To illustrate, in looking for successful hair extension salons, I did what any member of the public might do: I SEARCHED THE INTERNET. I simply typed in the name of a city and combined it with the term “hair extensions.” When I found a list of salons, I then looked for those that had nice sections devoted to extensions and worked forward from those. I pretty much ignored webpages that merely listed hair extensions as one of the regular salon services. Effective webpages had sections with “before and afters,” testimonials, or other attractive images communicating that extensions were a specialty. This is the same path that a prospective extension client might take. Would it lead to your salon?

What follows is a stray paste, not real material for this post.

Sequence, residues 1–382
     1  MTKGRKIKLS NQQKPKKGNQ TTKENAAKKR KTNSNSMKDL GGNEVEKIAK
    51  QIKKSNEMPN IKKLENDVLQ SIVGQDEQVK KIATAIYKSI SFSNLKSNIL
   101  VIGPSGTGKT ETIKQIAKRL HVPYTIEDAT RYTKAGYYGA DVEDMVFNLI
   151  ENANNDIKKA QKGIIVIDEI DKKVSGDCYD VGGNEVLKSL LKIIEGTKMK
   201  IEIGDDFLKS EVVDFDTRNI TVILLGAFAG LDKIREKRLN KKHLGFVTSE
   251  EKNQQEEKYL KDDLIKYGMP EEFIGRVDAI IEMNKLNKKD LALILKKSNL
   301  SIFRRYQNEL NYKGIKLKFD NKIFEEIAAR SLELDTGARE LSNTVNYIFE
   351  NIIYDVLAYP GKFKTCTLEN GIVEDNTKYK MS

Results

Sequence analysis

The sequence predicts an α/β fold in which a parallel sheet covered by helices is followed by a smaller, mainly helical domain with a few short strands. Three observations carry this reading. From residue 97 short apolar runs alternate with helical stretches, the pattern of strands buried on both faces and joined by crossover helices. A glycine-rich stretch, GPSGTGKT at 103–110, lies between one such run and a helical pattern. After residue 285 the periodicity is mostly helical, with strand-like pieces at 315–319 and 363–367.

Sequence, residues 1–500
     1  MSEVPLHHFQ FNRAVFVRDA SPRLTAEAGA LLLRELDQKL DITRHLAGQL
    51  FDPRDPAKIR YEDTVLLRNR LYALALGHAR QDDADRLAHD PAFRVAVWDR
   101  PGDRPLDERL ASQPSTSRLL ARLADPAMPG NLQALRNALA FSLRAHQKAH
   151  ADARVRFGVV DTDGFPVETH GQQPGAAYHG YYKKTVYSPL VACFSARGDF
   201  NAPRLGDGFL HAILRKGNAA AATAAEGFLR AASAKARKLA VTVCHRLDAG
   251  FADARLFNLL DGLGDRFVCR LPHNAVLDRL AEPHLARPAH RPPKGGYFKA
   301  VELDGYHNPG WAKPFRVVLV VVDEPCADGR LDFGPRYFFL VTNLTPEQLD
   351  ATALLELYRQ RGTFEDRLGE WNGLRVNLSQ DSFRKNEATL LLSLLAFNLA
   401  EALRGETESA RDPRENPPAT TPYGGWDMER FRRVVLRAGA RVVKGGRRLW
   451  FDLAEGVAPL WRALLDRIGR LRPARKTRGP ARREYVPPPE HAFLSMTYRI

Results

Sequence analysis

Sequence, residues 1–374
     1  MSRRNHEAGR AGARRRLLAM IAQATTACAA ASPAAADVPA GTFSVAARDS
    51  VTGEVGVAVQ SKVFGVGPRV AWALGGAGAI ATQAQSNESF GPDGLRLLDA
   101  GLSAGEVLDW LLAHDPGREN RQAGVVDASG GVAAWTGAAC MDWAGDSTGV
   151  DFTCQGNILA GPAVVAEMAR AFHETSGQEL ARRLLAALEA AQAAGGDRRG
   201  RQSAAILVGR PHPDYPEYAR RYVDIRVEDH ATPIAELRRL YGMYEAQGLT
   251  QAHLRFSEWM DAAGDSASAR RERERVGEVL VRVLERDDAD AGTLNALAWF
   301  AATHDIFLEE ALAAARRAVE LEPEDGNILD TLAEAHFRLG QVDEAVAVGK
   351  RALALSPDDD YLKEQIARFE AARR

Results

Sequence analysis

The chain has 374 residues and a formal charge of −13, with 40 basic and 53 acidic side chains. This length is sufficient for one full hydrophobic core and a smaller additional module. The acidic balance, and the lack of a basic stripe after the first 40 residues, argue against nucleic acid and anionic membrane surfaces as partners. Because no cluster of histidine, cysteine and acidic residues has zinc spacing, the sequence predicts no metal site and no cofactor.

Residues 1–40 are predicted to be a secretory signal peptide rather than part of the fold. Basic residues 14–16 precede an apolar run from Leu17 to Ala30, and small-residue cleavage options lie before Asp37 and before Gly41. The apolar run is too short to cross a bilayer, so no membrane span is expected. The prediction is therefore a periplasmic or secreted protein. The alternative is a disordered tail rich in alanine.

Beyond the webpage alone, you will be well served by listing yourself as servicing multiple cities, not just relying on your salon address. Web searches are very literal and, unless you specifically name the location, you will likely not be found by anyone searching in a neighboring city. You might try your own experiment on this to see which cities you appear under and which salons appear when doing a search of your own city. Many salons, even individual stylists, find a way to become listed in multiple cities, and specifically describing service locations is one way of doing that. The message in all of this is that hair salons too often treat hair extension services as a niche. They do little to nothing to maximize profitability by increasing visibility. This leaves a huge opening for the more ambitious extension specialist. Those who recognize and seek out that additional business will be the most successful. If you are interested in increasing your profits from doing hair extensions, look at your efforts to make yourself discoverable. Put yourself in a position to be found and the reward will be well worth the effort.